27 November 2015

Gauging the Many Risks Europe Faces


Posted by Andy Langenkamp on November 24, 2015

Luxembourg's minister of foreign affairs has warned that Europe may only have a couple of months left to prevent the European Union's collapse. He even suggested that we could witness a European war in our times. And that was before the Paris attacks. The tragedy in France shows once again the increasing importance of non-state actors on the international stage. Apart from the human tragedy, the regrettable result will be a stronger trend toward isolationism, nationalism, and populism.

The European Union has until now provided Europe with the necessary ingredients to muddle through an assortment of crises. However, to be successful at muddling through, nations need to be able to strike political compromises. It is becoming increasingly difficult to come up with grand bargains that politicians are willing to take home and sell to their voters. Such bargains will be indispensable to address the challenges the Union is currently facing, including the risks of terrorism, the refugee crisis, Putin's assertiveness, an incomplete monetary union, and populism.

Turbulent closure of 2015

To get a sense of which risks Europe faces, it helps to categorise these risks into three timeframes: the short-term, the medium-term (running through 2016) and the long-term risks (the coming years).

Apart from the obvious danger of further terror attacks in Europe, there are some other events and developments to watch in what remains of 2015. The Spanish people will vote on Dec. 20. If Prime Minister Mariano Rajoy stays on, a nasty brawl between the Catalonia region and Madrid is bound to unnerve financial markets.

Spain's neighbor Portugal is also in choppy waters. The leftist opposition has ousted the minority center-right government, which was in charge for only 12 days following the most recent elections. It remains to be seen whether the new left-wing coalition will commit to much-needed reforms.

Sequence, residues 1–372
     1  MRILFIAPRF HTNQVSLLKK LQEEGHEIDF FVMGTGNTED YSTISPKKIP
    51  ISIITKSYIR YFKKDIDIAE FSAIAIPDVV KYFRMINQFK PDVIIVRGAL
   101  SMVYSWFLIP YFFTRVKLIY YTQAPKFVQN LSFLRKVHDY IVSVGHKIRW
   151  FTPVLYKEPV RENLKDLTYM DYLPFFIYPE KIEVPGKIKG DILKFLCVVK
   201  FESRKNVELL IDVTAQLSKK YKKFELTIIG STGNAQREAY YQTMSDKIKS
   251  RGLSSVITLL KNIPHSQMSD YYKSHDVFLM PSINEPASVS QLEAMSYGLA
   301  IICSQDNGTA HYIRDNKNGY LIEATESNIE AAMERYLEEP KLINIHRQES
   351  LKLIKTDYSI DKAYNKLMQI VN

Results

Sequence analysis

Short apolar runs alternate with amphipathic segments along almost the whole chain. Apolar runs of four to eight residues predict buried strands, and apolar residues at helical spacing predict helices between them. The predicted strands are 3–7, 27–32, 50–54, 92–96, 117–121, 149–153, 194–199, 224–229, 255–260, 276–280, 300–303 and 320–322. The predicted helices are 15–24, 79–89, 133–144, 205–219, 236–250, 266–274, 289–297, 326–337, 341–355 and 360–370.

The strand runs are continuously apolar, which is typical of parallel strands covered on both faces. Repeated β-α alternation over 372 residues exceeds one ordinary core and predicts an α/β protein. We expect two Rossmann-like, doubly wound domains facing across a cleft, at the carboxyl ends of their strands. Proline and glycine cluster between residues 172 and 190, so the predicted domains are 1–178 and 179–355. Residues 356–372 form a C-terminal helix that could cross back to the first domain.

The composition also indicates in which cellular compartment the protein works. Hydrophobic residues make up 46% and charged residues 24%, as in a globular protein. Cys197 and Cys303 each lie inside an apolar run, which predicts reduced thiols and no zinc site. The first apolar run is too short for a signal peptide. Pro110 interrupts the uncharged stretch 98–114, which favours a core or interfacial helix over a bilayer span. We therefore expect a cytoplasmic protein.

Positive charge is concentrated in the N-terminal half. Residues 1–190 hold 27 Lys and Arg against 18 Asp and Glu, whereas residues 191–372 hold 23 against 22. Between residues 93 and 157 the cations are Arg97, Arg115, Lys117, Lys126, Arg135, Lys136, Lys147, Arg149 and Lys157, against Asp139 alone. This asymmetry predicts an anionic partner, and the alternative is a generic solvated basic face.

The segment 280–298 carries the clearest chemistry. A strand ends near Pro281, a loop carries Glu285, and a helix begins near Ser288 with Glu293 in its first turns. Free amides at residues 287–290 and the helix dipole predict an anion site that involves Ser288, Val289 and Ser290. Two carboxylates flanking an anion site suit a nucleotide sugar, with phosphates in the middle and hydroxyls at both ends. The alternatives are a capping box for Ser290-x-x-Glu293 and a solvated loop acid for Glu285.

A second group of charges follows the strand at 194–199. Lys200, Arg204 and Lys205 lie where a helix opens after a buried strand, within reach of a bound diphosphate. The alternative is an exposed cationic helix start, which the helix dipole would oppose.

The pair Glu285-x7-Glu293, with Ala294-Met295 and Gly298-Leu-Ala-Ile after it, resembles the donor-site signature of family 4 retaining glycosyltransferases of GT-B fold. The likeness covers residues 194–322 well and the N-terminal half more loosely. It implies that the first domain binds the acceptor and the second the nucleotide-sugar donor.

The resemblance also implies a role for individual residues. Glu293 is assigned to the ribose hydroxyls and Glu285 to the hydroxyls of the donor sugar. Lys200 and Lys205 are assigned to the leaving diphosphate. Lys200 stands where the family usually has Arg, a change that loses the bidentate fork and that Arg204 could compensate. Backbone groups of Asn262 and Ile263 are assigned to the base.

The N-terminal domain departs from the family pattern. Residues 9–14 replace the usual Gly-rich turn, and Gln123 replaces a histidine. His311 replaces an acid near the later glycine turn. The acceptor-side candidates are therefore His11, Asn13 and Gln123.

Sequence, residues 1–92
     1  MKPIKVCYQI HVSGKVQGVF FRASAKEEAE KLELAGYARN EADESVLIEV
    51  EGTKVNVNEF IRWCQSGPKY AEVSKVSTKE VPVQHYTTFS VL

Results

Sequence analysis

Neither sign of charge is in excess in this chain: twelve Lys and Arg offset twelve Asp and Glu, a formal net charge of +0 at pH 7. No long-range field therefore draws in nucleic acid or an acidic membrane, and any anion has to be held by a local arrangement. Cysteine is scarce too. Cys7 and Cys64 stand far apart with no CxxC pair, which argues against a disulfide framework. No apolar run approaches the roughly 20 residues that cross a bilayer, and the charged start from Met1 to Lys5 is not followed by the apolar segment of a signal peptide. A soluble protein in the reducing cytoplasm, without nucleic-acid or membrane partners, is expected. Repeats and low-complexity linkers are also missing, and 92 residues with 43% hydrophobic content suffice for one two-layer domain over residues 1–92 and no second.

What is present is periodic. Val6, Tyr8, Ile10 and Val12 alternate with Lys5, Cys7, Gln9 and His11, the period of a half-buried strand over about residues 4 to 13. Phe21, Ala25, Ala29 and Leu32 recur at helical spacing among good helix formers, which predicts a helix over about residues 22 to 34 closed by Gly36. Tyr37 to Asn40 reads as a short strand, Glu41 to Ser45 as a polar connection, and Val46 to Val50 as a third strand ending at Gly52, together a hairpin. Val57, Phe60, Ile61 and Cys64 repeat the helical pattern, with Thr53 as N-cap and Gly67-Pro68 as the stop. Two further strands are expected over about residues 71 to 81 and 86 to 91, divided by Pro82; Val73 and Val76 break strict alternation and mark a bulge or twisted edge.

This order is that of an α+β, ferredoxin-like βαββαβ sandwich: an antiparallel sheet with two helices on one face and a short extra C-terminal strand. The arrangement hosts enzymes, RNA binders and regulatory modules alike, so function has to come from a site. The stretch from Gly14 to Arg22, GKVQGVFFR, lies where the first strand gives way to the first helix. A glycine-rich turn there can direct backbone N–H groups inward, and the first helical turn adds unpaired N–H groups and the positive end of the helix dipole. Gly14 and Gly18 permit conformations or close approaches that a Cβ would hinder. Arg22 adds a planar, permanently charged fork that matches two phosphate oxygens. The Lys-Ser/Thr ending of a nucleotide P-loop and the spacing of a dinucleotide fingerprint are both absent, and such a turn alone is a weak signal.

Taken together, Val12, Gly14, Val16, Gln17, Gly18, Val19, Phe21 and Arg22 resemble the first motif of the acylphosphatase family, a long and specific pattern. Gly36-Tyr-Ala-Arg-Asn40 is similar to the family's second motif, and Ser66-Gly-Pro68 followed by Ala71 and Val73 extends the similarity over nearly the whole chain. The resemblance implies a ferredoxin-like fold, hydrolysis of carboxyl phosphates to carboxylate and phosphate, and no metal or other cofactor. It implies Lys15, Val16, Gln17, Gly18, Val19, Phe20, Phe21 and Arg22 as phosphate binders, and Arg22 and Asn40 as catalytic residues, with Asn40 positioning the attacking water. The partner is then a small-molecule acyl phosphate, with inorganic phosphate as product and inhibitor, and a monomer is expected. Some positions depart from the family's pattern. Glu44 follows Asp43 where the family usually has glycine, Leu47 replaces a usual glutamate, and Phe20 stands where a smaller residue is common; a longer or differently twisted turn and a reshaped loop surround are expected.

A third event to watch will be the UN climate summit. After the dismal results of previous summits, the world needs to agree on more binding agreements this time round. The summit will offer Europe a chance to show the world that it is able to act as one. But with nations such as Poland refusing to give up their dependence on coal, it will not be easy to come up with a cohesive stance.

A failed summit could sour the EU summit at the end of December. Leaders will try to find agreement on issues such as how to address the terror threat, the future of the Schengen area, renewing sanctions against Russia, and keeping the United Kingdom within the EU. Sanctions will most likely be kept in place. As for Britain, there is little chance that leaders will strike a deal as early as December. Talks will probably drag on into 2016. When it comes to Schengen and the migrant crisis, recent developments don't bode well. The resettlement scheme agreed during a previous summit is already falling apart.

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